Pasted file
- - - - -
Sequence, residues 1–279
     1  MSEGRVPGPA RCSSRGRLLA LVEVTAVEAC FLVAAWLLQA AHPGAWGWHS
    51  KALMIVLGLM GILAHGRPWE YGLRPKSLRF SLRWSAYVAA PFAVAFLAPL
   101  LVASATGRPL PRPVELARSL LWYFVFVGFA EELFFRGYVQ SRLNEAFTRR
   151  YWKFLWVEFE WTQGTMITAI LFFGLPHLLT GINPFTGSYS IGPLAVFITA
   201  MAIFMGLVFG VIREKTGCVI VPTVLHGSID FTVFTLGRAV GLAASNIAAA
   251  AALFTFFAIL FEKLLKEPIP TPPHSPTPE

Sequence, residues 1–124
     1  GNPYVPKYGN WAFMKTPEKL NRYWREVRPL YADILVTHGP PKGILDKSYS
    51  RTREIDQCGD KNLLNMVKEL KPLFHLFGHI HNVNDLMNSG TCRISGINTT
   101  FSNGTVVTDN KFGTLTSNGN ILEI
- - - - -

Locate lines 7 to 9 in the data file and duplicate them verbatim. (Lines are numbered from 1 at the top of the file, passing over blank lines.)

   251  AALFTFFAIL FEKLLKEPIP TPPHSPTPE

Sequence, residues 1–124
     1  GNPYVPKYGN WAFMKTPEKL NRYWREVRPL YADILVTHGP PKGILDKSYS